Most Commonly Used Phrasal Verbs

Phrasal Verbs 101 Guide

Phrasal verbs are an integral part of the English language, and knowing them is crucial for clear and effective communication. This post provides an in-depth look at what phrasal verbs are and how to construct and use them in English correctly.

Phrasal verbs consist of a verb and a particle (preposition, adverb). The particle can change the meaning of the verb completely.

For example:

  • Break down:
    • The car broke down on the highway. (The car stopped functioning.)
  • Break up:
    • They decided to break up after years of dating. (They ended their romantic relationship.)
  • Break into:
    • Someone tried to break into our house last night. (Someone attempted to enter the house illegally.)

Types of Phrasal Verbs

  1. Transitive Phrasal Verbs: These phrasal verbs need a direct object to complete their meaning. For example, when you say “turn off the lights,” where “lights” is the direct object influenced by the verb and preposition combination.
  2. Intransitive Phrasal Verbs: These verbs do not require a direct object and can stand alone. For instance, “She woke up early,” where the phrasal verb “woke up” doesn’t need an object to convey its meaning.
  3. Separable Phrasal Verbs: In these verbs, the particle can be placed between the main verb and the object or at the end of the sentence. For example, “They called the meeting off” and “They called off the meeting” are both correct.
  4. Inseparable Phrasal Verbs: In this case, the particle is always attached to the verb, and the verb and particle cannot be separated. Consider “She takes after her mother” or “He looks up to his older brother.”
Phrasal verbMeaningExample
Become ofHappen toIf she is sent to prison, what will become of her children?
blow upexplodeThey tried to blow up the railroad station.
bring upmention a topicPlease fill out this application form and mail it in.
bring upraise childrenIt isn’t easy to bring up children nowadays.
call offCancelThey called off this afternoon’s meeting
do overrepeat a jobDo this homework over.
Deal withtake action to do somethingI spent the morning dealing with my exercises.
fill outcomplete a formmake out,
fill upfill to capacityShe filled up the grocery cart with free food.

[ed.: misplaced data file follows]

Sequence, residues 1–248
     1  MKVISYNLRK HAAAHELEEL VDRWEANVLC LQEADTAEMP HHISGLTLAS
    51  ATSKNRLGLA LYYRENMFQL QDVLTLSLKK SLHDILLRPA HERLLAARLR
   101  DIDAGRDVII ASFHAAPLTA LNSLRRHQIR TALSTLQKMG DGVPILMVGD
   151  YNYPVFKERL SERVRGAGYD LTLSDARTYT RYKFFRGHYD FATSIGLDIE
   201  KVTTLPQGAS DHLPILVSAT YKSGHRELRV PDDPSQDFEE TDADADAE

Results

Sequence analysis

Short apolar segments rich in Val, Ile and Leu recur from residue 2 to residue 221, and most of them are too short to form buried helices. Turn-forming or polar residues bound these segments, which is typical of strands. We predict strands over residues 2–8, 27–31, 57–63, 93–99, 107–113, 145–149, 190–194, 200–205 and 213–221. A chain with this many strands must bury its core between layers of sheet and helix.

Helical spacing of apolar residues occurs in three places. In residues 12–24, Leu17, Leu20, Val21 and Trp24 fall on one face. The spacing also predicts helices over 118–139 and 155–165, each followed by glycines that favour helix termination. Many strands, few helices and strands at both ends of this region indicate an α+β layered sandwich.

find outdiscoverMy sister found out that her husband had been planning a surprise party for her
give awaygive something to someone else for freeThe filling station was giving away free gas.
give backreturn an objectMy brother borrowed my car. I have a feeling he’s not about to give it back.
Give upcease making an effortThe boxer gave up the fight in the middle of round 3
Give up (2)stop doing somethingTom gave up smoking last year
Have overCome to visit or stay withWe’re having the Simpsons over for supper on Tuesday evening.
hand insubmit something (assignment)The students handed in their papers and left the room.
hang upput something on-hook or receiverShe hung up the phone before she hung up her clothes.
hold updelayI hate to hold up the meeting, but I have to go to the bathroom.
hold up (2)robThree masked gunmen held up the Security Bank this afternoon.
Kick outto force someone to leave a place or organizationSonia’s been kicked out of her house.
Look forsearch for someone or somethingI’m looking for Jim. Have you seen him?
leave outomitYou left out the part about the police chase down Asylum Avenue.
look overexamine, checkThe lawyers looked over the papers carefully before questioning the witness. (They looked them over carefully.)
look upsearch in a listYou’ve misspelled this word again. You’d better look it up.
make upinvent a story or lieShe knew she was in trouble, so she made up a story about going to the movies with her friends.
save, or storehear, understandHe was so far away, that we really couldn’t make out what he was saying.
Make out (2)to write all the necessary information on a documentShe made out a cheque and handed it to me.
pick outchooseThere were three men in the lineup. She picked out the guy she thought had stolen her purse.
pick uplift something off something elseThe crane picked up the entire house. (Watch them pick it up.)
point outcall attention toAs we drove through Paris, Francoise pointed out the major historical sites.
put awayread over the homework but couldn’t make any sense of it.We put away money for our retirement / She put away the cereal boxes.
put offpostpone/delay We asked the boss to put off the meeting until tomorrow. (Please put it off for another day.)
put onput clothing on the bodyput on a sweater and a jacket. (I put them on quickly.)
put outextinguishThe firefighters put out the house fire before it could spread. (They put it out quickly.)
Read outSpeak loudlyHe reads the list of names out.
read overperuseread over the homework, but couldn’t make any sense of it.
Sit upto go to bed later than usualWe sat up very late yesterday talking
set upto arrange, beginMy wife set up the living room exactly the way she wanted it.
take downmake a written noteThese are your instructions. Write them down before you forget.
take offremove clothingIt was so hot that I had to take off my shirt.
Take off (2)copy someone for funBeth can take off Mr. Bean brilliantly.
Take upto start doing something as a habit or jobChris has taken up jogging.
talk overdiscussWe have serious problems here. Let’s talk them over like adults.
throw awaydiscardThat’s a lot of money! Don’t just throw it away.
try onto put on a piece of clothing to see how it looksWhat a lovely dress! Why don’t you try it on?
try outtesttried out four cars before I could find one that pleased me.
turn downlower volumeYour radio is driving me crazy! Please turn it down.
turn down (2)rejectIt was an awful movie. It really turned me off.
turn upraise the volumeGrandpa couldn’t hear, so he turned up his hearing aid.